I am typing two of my three articles this week via web-based word processors not from Google. The reason? To test how well Google’s Chrome OS works as an alternative to desktop computing. The test was brought about by a package that showed up on my doorstep Tuesday; Google decided that I was worthy enough to be given the Cr-48, a test platform for their browser-based OS, Chrome OS.
Google’s Linux-based operating system is nothing if not simple. Customizations to the functionality of the system are limited; users cannot turn off-the rather finicky auto-adjustment of screen brightness, nor can they modify the timers after which the notebook turns off its screen or goes to sleep when idle. The positive side of this lack of customization is that a user can sit down at a Chrome OS machine – any Chrome OS machine – and know exactly what to expect. The other plus? Things generally “just work.”
Out of the box, the Cr-48 took several minutes to set up, mostly because it wanted to update its operating system before proceeding. Honestly, the machine took about the same amount of time to set up as a standard PC, as long as the user does not count the updates that the user needs to apply once a non-cloud-based computer is up and running. If the user does, Chrome OS wins, hands down. As an added benefit, updates after the initial ones are downloaded silently in the background and applied either when requested or when the system is restarted. Just like the Chrome browser, updates are indicated by a badge applied to the wrench icon in the upper right hand corner, which is a good balance between staying out of the way and letting people know that an important update is available.
One thing that is very easy on Chrome OS is adding users. Just select the Add User item on the login screen, enter the appropriate Google username and password, and hit OK. Ten seconds or so later, the new user will be browsing the web with his or her settings and accounts fully set up. Alternately, sign in as a guest to do some off-the-books web browsing.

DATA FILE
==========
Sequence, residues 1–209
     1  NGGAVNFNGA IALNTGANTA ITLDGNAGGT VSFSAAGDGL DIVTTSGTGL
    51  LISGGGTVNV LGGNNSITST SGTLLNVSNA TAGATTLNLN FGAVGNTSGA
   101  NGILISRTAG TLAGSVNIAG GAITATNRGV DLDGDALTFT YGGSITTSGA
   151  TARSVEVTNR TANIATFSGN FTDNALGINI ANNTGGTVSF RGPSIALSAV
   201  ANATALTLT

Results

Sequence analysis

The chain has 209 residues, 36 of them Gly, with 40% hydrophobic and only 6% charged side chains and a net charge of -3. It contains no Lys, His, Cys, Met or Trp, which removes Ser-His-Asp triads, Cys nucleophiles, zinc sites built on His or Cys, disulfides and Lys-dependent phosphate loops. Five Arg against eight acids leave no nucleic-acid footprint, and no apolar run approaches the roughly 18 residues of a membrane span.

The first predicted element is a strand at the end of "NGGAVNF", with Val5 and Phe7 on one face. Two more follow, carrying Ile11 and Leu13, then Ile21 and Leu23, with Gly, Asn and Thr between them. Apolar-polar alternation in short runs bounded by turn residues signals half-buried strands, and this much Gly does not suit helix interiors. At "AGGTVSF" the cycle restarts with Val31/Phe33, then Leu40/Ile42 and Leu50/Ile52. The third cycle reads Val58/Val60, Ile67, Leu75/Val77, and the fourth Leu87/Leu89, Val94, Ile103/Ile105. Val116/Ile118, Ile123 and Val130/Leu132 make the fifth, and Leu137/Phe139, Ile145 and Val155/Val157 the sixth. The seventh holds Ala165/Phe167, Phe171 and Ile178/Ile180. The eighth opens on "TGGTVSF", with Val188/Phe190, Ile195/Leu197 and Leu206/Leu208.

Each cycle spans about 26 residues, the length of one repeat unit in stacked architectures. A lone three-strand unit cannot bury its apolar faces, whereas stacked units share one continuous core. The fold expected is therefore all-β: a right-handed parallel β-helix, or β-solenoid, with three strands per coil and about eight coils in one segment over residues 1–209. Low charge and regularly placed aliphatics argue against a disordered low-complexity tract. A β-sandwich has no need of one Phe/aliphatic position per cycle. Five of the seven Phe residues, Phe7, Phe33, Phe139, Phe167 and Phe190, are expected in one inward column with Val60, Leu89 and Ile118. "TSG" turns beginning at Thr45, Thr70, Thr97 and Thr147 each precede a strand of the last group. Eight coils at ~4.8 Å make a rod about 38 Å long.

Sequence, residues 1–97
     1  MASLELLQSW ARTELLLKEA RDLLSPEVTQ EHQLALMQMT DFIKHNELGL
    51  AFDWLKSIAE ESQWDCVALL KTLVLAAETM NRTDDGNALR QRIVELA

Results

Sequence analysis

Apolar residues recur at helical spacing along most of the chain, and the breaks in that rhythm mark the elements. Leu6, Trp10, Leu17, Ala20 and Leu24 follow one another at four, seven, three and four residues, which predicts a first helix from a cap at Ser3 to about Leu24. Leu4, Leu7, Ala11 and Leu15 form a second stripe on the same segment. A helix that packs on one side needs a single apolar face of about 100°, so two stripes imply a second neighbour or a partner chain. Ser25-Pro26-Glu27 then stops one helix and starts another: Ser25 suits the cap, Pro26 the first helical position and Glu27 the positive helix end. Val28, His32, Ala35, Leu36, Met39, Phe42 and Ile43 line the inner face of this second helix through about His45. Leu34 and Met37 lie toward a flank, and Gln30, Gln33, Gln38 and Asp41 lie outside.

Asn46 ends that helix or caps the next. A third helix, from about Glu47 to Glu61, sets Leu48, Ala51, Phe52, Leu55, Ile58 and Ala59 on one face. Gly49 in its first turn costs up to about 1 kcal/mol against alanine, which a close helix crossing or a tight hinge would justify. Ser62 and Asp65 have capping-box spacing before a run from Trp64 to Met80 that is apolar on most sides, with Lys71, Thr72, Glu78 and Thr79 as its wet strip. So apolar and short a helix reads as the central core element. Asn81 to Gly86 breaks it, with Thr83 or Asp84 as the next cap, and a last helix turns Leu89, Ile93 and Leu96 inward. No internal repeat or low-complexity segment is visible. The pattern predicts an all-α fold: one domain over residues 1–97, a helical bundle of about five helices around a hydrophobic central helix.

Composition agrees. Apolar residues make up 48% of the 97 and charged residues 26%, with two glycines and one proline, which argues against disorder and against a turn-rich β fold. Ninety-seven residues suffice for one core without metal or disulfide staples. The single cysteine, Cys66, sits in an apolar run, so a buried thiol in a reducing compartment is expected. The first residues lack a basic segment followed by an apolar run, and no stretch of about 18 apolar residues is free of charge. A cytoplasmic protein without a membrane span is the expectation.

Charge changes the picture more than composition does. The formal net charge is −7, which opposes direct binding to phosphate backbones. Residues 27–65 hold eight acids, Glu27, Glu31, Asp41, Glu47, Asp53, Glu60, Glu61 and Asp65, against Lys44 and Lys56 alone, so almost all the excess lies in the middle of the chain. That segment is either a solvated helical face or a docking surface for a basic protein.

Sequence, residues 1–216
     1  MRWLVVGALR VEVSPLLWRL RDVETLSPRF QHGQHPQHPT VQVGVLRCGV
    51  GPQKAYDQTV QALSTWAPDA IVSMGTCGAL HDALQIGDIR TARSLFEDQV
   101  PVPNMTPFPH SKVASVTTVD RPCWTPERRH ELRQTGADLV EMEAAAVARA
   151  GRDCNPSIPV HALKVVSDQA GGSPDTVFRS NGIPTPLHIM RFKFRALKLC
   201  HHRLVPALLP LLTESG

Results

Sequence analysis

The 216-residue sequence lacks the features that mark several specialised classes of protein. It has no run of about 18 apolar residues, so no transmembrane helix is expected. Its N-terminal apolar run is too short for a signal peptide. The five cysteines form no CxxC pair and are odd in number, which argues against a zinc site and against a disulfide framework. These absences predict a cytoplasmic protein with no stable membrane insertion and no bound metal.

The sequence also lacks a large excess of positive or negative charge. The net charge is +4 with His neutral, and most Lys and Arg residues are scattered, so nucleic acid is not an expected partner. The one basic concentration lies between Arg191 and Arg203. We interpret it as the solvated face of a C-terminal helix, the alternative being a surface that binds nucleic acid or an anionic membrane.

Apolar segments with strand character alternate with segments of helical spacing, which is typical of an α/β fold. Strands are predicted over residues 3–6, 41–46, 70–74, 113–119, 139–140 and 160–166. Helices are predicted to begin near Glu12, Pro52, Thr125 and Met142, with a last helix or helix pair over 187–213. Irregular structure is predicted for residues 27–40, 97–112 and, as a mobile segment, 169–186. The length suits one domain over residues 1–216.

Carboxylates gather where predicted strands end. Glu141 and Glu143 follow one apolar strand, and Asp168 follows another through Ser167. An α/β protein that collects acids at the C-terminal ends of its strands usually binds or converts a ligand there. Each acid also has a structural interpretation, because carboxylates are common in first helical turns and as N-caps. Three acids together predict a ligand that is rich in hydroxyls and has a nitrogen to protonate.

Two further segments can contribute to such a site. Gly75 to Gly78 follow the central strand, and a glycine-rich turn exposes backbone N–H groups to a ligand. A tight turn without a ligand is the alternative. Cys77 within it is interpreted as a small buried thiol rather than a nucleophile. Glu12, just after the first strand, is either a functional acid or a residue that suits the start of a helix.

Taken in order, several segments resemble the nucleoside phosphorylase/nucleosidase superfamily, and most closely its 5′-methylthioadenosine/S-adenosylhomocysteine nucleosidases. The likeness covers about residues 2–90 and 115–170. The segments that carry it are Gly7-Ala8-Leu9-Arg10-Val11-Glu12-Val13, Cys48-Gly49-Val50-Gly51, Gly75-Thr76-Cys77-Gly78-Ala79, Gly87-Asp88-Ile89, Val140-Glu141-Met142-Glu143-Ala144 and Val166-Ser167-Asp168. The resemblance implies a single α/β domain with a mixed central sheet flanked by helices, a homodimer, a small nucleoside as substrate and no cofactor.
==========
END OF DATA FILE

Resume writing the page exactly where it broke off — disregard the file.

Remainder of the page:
One area where Chrome OS differs from the Chrome browser is what is in the area normally reserved for minimize, maximize, and close buttons. Chrome browser windows have the always fun full-screen, though multiple windows (and tabs) can be used to keep things organized. “Web Worker” mini-apps line up at the bottom of the screen along with system and web notifications so users can, for example, chat via Google Talk or take notes while viewing a web page other than Google Talk or Google Docs.
Getting back to the upper-right hand corner of the screen, users will find a clock, an Internet signal meter (WiFi, Verizon Wireless 3G, or 2G/3G of a non-Verizon carrier if you are willing to put in the effort), and a battery status meter. On the topic of 3G, the Cr-48 comes with 100MB of 3G access per month free for 24 months, with usage beyond that available for between $10 and $20 per gigabyte, with no contract, depending on how much is bought. In the battery life arena, the Cr-48 will survive for between six and eight hours as long as users are not trying to play HD videos with the system, with eight hours being more likely than six. This is thanks to Google, since they included a normal-sized battery (56 Watt-Hours) in a low-powered system.